An innovative proposal may soon make medical marijuana available at a discount to low-income patients in Washington, DC. If passed, the proposal would require dispensaries to set aside two percent of their profits to subsidize qualifying patients’ pot purchases.
The proposal, currently under review by DC lawmakers, would instruct dispensaries to discount medical marijuana by at least 20 percent for patients at or below 200 percent of the federal poverty level. Clinics often make cannabis available for low-income patients at lower prices, but no state has ever written it into regulations. Other states, such as Arizona, mandate a sliding scale for patient license registration, but the government, not dispensaries, funds the discount.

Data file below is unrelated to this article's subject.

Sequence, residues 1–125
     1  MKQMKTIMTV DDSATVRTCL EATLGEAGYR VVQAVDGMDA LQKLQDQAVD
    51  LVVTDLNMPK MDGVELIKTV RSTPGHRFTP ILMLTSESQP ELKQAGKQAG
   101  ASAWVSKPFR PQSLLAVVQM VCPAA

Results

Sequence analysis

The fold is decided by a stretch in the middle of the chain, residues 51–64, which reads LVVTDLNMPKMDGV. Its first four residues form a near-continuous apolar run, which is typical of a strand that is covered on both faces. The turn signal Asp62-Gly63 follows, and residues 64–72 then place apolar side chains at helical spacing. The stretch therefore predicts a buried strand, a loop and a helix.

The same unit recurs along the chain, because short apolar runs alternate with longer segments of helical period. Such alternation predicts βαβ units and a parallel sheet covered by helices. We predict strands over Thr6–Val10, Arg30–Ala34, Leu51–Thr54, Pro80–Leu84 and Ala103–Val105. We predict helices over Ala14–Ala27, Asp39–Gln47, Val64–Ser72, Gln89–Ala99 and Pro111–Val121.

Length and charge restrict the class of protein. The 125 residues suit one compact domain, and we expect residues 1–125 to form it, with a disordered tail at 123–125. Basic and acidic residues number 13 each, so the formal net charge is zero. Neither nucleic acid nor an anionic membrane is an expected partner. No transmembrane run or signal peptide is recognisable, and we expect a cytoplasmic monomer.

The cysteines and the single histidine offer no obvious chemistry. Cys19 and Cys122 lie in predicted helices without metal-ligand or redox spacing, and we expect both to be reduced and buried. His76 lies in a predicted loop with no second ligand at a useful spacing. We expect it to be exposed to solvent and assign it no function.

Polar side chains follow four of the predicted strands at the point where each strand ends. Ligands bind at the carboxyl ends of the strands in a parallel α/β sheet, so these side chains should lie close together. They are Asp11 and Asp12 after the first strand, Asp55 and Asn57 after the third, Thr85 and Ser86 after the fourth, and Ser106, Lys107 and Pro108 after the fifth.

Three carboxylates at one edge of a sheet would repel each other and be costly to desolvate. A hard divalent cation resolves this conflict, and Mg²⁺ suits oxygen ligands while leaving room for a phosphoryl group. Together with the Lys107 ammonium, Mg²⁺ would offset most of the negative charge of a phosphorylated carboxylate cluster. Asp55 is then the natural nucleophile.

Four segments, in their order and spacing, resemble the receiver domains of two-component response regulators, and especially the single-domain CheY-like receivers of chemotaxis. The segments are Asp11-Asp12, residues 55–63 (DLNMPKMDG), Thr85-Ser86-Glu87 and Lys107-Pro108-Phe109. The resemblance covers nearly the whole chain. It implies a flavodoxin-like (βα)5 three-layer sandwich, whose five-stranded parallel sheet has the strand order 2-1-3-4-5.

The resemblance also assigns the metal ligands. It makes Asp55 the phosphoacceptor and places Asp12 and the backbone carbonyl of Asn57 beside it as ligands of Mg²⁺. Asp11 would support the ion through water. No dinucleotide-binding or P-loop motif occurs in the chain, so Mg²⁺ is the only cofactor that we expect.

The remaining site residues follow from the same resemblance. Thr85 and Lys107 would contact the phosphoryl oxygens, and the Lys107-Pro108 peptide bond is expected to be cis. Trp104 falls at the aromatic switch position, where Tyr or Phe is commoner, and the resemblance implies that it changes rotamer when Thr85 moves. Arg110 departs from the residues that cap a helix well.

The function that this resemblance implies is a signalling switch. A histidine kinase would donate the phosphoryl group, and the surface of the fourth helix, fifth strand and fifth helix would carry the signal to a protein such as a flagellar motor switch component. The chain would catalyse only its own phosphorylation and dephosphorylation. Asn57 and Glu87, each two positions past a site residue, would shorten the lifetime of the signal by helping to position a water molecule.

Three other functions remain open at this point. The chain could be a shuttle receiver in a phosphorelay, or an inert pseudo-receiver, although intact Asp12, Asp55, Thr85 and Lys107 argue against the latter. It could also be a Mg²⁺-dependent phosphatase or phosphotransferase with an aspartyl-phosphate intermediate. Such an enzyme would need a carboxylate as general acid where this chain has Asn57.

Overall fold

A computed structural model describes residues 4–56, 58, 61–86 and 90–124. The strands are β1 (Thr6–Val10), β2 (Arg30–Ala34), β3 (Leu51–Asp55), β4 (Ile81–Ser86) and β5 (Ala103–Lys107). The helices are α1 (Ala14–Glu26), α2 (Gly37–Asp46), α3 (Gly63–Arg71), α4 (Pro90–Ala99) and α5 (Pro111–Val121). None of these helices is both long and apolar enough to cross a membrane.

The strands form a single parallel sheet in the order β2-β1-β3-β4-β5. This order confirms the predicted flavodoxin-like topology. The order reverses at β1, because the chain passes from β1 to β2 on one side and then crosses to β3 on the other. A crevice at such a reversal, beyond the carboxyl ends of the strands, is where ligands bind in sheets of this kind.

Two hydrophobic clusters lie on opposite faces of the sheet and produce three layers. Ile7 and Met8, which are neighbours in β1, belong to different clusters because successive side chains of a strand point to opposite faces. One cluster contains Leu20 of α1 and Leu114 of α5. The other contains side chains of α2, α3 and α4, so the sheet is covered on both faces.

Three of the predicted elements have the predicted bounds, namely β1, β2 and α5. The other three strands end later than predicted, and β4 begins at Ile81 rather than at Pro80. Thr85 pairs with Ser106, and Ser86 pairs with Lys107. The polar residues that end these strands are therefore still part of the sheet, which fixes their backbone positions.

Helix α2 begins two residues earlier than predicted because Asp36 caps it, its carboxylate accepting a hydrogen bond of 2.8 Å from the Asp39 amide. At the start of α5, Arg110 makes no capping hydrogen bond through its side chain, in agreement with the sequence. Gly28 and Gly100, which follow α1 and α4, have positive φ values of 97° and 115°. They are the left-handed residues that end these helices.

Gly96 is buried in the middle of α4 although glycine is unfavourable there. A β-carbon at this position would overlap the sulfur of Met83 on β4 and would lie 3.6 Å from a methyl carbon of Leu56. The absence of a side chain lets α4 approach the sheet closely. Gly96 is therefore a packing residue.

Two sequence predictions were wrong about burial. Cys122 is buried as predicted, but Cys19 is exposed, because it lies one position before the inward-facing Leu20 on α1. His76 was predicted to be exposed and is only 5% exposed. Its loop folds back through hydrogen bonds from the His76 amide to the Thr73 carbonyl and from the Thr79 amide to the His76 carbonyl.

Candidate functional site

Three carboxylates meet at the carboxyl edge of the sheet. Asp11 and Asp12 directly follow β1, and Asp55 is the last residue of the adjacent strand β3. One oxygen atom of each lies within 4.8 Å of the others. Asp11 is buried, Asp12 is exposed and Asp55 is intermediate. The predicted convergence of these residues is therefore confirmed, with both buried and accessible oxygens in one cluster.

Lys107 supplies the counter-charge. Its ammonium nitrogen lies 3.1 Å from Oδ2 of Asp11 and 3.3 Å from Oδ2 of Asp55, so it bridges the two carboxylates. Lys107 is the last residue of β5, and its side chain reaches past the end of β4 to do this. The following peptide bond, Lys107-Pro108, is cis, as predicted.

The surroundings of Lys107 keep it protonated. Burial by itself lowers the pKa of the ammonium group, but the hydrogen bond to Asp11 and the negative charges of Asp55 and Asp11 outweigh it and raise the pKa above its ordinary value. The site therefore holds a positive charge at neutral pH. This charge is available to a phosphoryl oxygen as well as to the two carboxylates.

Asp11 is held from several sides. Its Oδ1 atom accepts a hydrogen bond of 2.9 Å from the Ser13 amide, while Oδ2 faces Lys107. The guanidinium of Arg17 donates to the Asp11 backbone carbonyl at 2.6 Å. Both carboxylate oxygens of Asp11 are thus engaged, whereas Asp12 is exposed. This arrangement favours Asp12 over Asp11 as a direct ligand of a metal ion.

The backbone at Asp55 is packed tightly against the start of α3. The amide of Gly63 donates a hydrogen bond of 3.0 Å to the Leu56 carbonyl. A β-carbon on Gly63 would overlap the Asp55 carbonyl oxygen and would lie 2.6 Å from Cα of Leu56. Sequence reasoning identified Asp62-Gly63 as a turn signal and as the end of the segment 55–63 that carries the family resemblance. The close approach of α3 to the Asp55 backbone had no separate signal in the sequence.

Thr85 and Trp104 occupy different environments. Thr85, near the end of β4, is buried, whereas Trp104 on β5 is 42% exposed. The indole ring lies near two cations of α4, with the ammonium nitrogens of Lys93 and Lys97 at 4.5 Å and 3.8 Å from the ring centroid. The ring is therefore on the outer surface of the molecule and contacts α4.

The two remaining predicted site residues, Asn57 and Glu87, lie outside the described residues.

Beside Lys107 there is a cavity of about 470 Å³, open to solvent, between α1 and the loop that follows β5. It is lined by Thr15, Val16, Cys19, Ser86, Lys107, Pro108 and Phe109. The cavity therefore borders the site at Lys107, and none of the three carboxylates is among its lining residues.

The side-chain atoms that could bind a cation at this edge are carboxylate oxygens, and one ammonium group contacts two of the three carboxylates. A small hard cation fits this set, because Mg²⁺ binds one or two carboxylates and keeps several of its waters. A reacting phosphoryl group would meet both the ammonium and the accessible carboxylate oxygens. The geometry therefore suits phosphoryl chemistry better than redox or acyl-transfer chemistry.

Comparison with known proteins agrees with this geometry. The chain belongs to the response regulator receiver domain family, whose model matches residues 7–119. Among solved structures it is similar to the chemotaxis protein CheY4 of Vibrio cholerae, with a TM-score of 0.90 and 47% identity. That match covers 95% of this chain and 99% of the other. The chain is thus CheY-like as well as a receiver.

The sliding scale program is designed to improve access for impoverished pot patients, who are often not able to hold full-time jobs because of the illnesses they are seeking treatment for. Government-issued medical program cards will indicate if the bearer is low-income and thus eligible for discounts.
Medical marijuana became available to DC residents last month at the Capital City Care clinic, where patients can purchase their medicine for anywhere from $380 to $440 per ounce. It is not known when the rule, which is in the midst of a 30-day review, would go into effect.